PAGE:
fact that I stayed with her only for the sex and she dumped me.)
Unfortunately, Diane Keaton shares my old girlfriend's personality, and none of her physical properties.
When the guy calls her while she's driving, she acts like a giddy farm animal. Incredibly annoying woman.
Then he tells her to pull over, that there's been an accident, so she yells at him to just tell her what happened.
I sat here thinking to myself, "Let me guess. He tells her that her daughter's dead, and she crashes the car."
Incredibly, when he tells her, she dramatically raises her hands from the steering wheel and - yes, Virginia, there are amazingly bad movies made - she crashes the car.
It's like some horrid Lifetime movie. Such bad acting, such predictable plot, so unbelievably unwatchable that you turn it off in a fuming rage, long before it's over.
Or, in this case, only shortly after it even began.
Charles McDougall's resume includes directing episodes on 'Sex and the
City', 'Desperate Housewives', Queer as Folk', 'Big Love', 'The
Office', etc. so he comes with all the credentials to make the TV film
version of Meg Wolitzer's novel SURRENDER, DOROTHY a success. And for
the most part he manages to keep this potentially sappy story about
sudden death of a loved one and than manner in which the people in her
life react afloat.
Sara (Alexa Davalos) a beautiful unmarried young woman is accompanying her best friends - gay playwright Adam (Tom Everett Scott), Adam's current squeeze Shawn (Chris Pine), and married couple Maddy (Lauren German) and Peter (Josh Hopkins) with their infant son - to a house in the Hamptons for a summer vacation. The group seems jolly until a trip to the local ice creamery by Adam and Sara) results in an auto accident which kills Sara. Meanwhile Sara's mother Natalie Swedlow (Diane Keaton) who has an active social life but intrusively calls here daughter constantly with the mutual greeting 'Surrender, Dorothy', is playing it up elsewhere: when she receives the phone call that Sara is dead she immediately comes to the Hamptons where her overbearing personality and grief create friction among Sara's friends. Slowly but surely Natalie uncovers secrets about each of them, thriving on talking about Sara as though doing so would bring her to life. Natalie's thirst for truth at any cost results in major changes among the group and it is only through the binding love of the departed Sara that they all eventually come together.
Diane Keaton is at her best in these roles that walk the thread between drama and comedy and her presence holds the story together. The screenplay has its moments for good lines, but it also has a lot of filler that becomes a bit heavy and morose making the actors obviously uncomfortable with the lines they are given. Yes, this story has been told many times - the impact of sudden death on the lives of those whose privacy is altered by disclosures - but the film moves along with a cast pace and has enough genuine entertainment to make it worth watching. Grady Harp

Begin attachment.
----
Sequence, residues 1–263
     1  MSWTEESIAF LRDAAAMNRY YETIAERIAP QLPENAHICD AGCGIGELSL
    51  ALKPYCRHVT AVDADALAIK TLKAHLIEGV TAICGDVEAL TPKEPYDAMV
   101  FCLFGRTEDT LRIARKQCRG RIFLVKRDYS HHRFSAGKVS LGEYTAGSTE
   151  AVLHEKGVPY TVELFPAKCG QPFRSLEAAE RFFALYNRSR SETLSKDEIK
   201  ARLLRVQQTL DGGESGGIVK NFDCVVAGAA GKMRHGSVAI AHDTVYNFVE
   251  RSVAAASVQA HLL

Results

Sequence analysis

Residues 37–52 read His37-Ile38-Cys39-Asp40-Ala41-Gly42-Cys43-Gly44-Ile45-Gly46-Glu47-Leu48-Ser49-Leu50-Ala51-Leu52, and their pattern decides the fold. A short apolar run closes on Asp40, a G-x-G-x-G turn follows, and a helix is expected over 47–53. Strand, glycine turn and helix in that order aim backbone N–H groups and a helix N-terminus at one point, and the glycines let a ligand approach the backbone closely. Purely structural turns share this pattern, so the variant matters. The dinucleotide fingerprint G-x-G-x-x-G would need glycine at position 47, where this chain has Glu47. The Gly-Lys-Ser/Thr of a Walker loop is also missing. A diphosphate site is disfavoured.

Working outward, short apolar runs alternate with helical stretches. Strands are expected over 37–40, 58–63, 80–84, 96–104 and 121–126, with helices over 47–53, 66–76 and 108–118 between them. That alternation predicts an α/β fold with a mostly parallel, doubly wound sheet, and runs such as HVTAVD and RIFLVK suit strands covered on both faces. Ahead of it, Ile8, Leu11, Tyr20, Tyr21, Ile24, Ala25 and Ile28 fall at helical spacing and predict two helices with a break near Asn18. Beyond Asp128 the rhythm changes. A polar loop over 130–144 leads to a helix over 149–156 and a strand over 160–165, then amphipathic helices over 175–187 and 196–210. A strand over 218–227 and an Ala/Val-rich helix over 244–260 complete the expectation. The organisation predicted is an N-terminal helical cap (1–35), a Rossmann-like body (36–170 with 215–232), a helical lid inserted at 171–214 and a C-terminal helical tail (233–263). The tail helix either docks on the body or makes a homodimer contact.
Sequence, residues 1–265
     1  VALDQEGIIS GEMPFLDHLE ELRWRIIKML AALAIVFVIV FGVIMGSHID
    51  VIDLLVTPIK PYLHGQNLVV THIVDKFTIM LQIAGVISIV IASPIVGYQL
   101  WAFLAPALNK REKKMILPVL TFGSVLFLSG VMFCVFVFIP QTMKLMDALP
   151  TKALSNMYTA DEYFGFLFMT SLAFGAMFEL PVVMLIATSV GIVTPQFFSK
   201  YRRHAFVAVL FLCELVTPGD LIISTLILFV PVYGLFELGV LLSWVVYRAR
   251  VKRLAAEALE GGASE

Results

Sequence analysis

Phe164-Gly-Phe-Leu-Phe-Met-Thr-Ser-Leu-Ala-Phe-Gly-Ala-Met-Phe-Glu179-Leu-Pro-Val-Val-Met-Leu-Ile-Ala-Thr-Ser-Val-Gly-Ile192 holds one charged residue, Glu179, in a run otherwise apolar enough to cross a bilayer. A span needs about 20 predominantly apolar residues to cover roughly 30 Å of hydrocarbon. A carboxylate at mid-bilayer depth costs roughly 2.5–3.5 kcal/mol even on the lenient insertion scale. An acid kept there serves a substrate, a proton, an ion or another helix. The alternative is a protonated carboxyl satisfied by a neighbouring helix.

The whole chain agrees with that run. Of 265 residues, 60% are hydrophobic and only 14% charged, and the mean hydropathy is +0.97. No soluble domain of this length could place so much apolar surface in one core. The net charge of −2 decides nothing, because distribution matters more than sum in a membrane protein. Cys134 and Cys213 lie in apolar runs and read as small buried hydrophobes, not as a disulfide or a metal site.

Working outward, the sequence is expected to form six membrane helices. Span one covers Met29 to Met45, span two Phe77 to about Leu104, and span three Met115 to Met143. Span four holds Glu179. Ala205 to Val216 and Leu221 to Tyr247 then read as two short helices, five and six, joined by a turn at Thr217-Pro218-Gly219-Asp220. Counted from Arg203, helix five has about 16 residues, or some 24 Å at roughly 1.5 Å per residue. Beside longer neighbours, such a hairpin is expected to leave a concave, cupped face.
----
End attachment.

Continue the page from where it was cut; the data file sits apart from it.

I waited for this movie to come out for a while in Canada, and when it finally did, I was very excited to see it. I really enjoyed it. Of course, in the beginning, it is a very sad movie (and it was New Years Day - making it even sadder) - however, it sticks with you. The next day I was thinking about it again, because although it revolves around something so emotionally draining, you realize after a few days that it is such a beautiful story. How one person can be seen as the link to so many people, but sometimes you can be blinded so many things. And how Diane Keaton's character kind of saves the rest of them by just being there. And how they save her in the process as well. It was such an excellent movie, and Chris Pine (one of my favourite actors) provides the perfect comic relief. It is definitely a movie that will need a box of tissues, but will really stay with you for a long time.
Although the casting for this film was admirable, particularly Dianne
Keaton and Tom Everett Scott, the quality of the writing was so poor
that it would be impossible for any actor or director to make this film
My wife and I decided that the reason we watched the entire film was that it was like a train wreck, and it was almost impossible to turn away. It may have been that we "hoped" that the message would eventually make itself apparent, and that we would be able to glean some meaning from this effort. Unfortunately, this did not happen.
Of course the audience may have been able to "make sense" of this convoluted tale, a credit to the ingenuity of the human brain to make sense of the absurd. The writers, however, did NOTHING to facilitate this innate need we seem to have for finding meaning.
It was apparent that those involved were simply going through the motions of their respective crafts, and that any intrinsic passion for the characters or the story was either secondary or non-existent.
Unfortunately, made-for-TV movies have seemed to devolve over the years. Whereas communicating a message to the audience may to have been the primary interest of the writers in the past, present-day writers and producers seem condescending to their audience, concentrating primarily on manipulating us to "stay-tuned" through the incessant advertising which seems to be the only reason movies such as Surrender, Dorothy are made.
The movie held my interest, mainly because Dianne Keaton is my favorite actress. I disagree with some of the other posts on the grounds that the plot was not convoluted. I had no trouble following it (maybe some people had too much eggnog the night before). The movie was very sad and touching as well. What more do you want? Alexa Davalos is a fine new talent (beautiful too), and Tom Everett Scott does an excellent job with his part as well. The relationship of the mother and daughter may have been a bit unrealistic, but the behavior of the young people in the movie was not. It was tragically sad but enlightening. It sure beat the other shows that were on TV New Years Day evening